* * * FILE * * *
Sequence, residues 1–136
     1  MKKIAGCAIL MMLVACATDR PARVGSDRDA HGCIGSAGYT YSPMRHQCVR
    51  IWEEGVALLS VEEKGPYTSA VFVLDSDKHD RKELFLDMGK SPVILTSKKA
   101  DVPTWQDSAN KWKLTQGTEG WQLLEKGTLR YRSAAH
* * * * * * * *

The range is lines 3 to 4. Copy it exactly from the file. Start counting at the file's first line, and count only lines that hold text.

    51  IWEEGVALLS VEEKGPYTSA VFVLDSDKHD RKELFLDMGK SPVILTSKKA
   101  DVPTWQDSAN KWKLTQGTEG WQLLEKGTLR YRSAAH